The Real Misty of Chincoteague

the true story of Misty of Chincoteague

I don’t know many horse crazed kids who haven’t ready Marguerite Henry’s Misty of Chincoteague — probably multiple times. Although the book stays quite close to the book, here is a case where truth is even more interesting than fiction. This Smithsonian article gives wonderful insights into how Misty’s story extended beyond the book. Other good sites to learn about Misty are Misty Heaven, which has a ton of wonderful photos, and the True Tale of Misty, Stormy and maybe the worst nor’easter of them all.

Marguerite Henry and MistyIn 1945, Marguerite received a letter telling the tale of ponies that washed into the sea hundreds of years ago when a Spanish galleon crashed on a hidden reef. The ponies swam for the nearest shore at Assateague Island. This spurred her to visit for pony penning day — where she and illustrator, Wesley Dennis, learned about Misty’s story.

What I didn’t know, is that Henry shipped Misty back to her home in Wayne, Illinois where she became a local celebrity. I’m not entirely sure how I feel about Misty being separated from the Paul and Maureen Beebe, the orphans who buy Phantom and her filly Misty, and bring them to their grandparents’ farm.  In fact, Clarence Beebee refused to sell Misty until Clarence at first refused, but sold her after Mrs. Henry said she would include his Maureen and Paul in the book. Luckily Misty returned to the islands in 1957 where she was turned back out on Chincoteague to be bred.

Misty’s next adventure occurred during the Ash Wednesday storm in 1962. A pregnant Misty weathered the storm in the Beebee family’s kitchen, while human residents were evacuated to nearby Wallops Island.

Still, fans worried about the beloved pony. Their fears were magnified when they learned Misty was pregnant. Officials on the Eastern Shore told the Associated Press that their phones had been ringing off the hook with calls about Misty. Often, a child’s voice was on the end of the line, asking if Misty was all right. “Misty of Chincoteague Reported Safe,” ran one in the Washington Post. “Relax, Kids, Misty’s OK,” said a Pennsylvania paper.

Flooding around the Beebee's farm
This aerial photo shows the flooding around the Beebee’s home. Misty’s barn was flooded but she was safe in the kitchen.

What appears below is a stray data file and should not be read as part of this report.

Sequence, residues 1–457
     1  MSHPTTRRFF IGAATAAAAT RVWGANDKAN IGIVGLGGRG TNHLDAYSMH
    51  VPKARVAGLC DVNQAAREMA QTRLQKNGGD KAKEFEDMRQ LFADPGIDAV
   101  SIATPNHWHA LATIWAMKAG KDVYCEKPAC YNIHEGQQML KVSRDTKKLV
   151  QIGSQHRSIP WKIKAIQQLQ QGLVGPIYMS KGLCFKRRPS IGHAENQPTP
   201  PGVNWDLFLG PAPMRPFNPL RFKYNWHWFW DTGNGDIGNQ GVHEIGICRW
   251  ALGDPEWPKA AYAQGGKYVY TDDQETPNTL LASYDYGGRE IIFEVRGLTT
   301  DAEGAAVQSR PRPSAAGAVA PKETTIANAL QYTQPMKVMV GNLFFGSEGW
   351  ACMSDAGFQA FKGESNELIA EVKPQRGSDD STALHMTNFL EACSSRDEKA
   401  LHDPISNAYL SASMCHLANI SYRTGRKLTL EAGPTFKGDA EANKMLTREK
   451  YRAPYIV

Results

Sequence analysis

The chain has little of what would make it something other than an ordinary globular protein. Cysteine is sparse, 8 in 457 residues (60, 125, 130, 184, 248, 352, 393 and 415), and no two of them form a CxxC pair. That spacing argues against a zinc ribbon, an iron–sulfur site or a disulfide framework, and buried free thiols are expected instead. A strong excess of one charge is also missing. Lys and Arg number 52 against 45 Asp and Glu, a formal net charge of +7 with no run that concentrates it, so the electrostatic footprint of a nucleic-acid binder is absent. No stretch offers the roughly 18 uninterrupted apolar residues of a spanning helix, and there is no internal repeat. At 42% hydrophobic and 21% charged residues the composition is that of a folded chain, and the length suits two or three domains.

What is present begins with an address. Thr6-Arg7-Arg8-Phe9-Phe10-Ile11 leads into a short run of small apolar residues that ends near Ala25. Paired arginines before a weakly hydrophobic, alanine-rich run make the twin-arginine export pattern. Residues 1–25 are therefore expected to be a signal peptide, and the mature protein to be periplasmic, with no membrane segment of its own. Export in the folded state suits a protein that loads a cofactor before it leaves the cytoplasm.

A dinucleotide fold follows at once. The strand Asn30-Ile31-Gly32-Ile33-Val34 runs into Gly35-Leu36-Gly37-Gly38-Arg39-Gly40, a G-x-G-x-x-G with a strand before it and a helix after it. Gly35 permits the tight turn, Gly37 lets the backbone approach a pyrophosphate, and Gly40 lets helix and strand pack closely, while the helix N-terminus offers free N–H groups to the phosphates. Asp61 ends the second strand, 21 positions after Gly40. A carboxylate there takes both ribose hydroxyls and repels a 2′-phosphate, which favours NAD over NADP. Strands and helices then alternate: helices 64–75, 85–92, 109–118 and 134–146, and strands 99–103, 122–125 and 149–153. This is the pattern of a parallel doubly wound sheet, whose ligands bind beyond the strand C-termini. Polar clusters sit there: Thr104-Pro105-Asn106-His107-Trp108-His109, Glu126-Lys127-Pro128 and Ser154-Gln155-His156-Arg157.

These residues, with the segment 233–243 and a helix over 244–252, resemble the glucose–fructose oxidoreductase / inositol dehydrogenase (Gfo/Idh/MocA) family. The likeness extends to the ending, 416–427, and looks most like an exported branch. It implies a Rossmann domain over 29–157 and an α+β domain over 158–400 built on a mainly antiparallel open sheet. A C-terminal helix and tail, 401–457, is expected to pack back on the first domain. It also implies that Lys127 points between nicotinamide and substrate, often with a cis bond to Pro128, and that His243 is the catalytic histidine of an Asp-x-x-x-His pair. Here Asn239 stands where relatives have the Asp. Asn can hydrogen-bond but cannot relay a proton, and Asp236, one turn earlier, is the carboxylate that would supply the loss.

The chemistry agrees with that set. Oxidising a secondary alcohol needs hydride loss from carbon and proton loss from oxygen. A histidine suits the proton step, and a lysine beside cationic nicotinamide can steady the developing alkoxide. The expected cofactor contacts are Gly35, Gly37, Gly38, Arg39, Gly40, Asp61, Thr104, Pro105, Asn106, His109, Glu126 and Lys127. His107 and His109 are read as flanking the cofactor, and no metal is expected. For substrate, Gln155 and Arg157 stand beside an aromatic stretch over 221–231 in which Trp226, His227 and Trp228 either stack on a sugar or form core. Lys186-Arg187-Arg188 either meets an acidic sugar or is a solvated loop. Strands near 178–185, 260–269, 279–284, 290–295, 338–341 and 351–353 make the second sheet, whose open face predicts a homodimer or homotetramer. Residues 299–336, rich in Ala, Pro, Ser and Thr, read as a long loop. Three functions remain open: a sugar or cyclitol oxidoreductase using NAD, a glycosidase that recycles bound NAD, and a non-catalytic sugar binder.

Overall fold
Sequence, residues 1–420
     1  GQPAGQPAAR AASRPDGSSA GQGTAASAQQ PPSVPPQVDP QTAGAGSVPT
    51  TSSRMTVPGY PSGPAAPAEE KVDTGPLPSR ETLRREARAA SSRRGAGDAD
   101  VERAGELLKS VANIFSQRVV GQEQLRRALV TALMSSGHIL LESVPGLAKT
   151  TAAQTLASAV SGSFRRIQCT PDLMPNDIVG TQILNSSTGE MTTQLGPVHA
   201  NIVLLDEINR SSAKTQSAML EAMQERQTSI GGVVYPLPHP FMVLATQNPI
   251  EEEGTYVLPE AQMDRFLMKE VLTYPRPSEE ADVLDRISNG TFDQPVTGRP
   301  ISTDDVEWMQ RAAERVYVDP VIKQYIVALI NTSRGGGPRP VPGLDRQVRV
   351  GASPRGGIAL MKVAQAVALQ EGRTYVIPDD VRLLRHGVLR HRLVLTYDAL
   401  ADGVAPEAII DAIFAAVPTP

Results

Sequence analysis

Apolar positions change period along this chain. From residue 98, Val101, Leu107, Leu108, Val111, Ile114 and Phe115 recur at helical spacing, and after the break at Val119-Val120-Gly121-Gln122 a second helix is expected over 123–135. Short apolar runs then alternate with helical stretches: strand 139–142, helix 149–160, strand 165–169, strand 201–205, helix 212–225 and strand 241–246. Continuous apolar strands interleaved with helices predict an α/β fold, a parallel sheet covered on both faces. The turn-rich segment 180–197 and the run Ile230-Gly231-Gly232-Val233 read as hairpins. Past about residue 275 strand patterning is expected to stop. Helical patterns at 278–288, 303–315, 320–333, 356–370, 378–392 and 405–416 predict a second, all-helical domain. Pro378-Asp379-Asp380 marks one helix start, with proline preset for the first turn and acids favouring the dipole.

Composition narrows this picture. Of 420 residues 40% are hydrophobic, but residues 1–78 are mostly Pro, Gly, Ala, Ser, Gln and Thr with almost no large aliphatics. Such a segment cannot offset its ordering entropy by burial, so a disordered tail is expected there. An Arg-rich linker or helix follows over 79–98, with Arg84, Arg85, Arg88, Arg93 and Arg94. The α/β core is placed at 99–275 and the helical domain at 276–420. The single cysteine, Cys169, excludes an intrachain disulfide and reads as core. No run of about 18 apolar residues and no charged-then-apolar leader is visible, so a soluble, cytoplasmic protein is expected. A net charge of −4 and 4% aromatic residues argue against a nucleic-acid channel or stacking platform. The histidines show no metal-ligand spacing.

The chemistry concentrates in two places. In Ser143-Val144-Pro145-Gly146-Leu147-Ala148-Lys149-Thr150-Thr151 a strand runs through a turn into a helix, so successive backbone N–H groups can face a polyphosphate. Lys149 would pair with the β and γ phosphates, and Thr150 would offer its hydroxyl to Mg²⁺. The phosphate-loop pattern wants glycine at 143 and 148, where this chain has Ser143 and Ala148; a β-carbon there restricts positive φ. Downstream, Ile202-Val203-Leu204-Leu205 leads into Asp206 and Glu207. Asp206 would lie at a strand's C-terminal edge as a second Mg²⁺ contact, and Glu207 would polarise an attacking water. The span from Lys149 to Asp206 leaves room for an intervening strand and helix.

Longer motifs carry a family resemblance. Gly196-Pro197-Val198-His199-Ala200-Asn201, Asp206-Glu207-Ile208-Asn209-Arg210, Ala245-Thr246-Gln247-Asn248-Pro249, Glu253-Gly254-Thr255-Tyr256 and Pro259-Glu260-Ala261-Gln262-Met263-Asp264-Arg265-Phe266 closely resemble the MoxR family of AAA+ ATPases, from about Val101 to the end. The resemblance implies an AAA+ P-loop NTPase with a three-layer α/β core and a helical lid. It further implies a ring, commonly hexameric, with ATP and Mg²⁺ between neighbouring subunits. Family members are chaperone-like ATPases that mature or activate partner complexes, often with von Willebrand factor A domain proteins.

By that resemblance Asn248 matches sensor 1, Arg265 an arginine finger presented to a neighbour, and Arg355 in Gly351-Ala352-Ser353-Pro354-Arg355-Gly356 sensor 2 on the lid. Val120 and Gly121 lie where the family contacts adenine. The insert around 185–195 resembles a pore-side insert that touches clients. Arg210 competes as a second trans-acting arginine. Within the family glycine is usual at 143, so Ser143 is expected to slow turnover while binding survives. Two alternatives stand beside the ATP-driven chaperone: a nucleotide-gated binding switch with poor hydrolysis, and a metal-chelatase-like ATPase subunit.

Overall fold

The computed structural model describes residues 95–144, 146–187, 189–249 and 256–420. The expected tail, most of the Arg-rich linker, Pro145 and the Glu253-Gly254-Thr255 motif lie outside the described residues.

While Misty made it through the storm, not all the ponies came out so lucky. Of the 300 living on both islands, 55 died on Assateague and 90 on Chincoteague. Many drowned, carried out to sea.

Misty and her filly, Stormy
Misty and her filly, Stormy.

Misty gave birth shortly after the storm, and as Henry’s readers all know. The foal was named Stormy.

Unfortunately, the storm devastated the economy on the islands and with so many ponies killed in the storm, there could be no annual penning day.

Misty, in her own way, came to the rescue. Twentieth Century Fox re-released its film into theaters as a fundraiser for the “Misty Disaster Fund.” Proceeds restocked the pony herd, buying back ponies sold in the past.

Misty and Stormy went to theaters as part of the fundraiser — they were a real hit and helped convince people both to donate money and to sell back Chincoteague ponies to restock the herd.

Although Stormy is Misty of Chincoteague’s most famous foal, she actually had two foals before her: Phantom Wings and Wisp O’Mist. All three of her foals were sired by a Chincoteague stallion named Wings.

Misty with her three foals: Phantom Wings, Wisp O'Mist and Stormy
Misty with her three foals: Phantom Wings, Wisp O’Mist and Stormy

 

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4 thoughts on “The Real Misty of Chincoteague

  1. It’s been on my bucket list for years. I don’t think I could handle the crowds that show up for pony penning, but would love to see the islands and the horses at a less congested time.

  2. I lived in maryland for several years but never got the chance to go to pony penning!
    I think I read virtually every book Henry wrote and Wesley Dennis’s illustrations just put them over the top.
    There are just some coalitions: an author finding the exact right illustrator..that make a good book even better, and this was one of them. Henry and Dennis were one, Margery Sharp and Garth Williams are the other. Those four people’s books still stick in my mind, and when I see a reprint of the author’s books WITHOUT the artwork, I think, no, this isn’t the Real book.
    I was so young when I read “Misty” that I really didn’t grasp the significance or the consequences of the storm. What I think hit me most was the dog being found in the smokehouse. The dog didn’t suffer a bit….;-)

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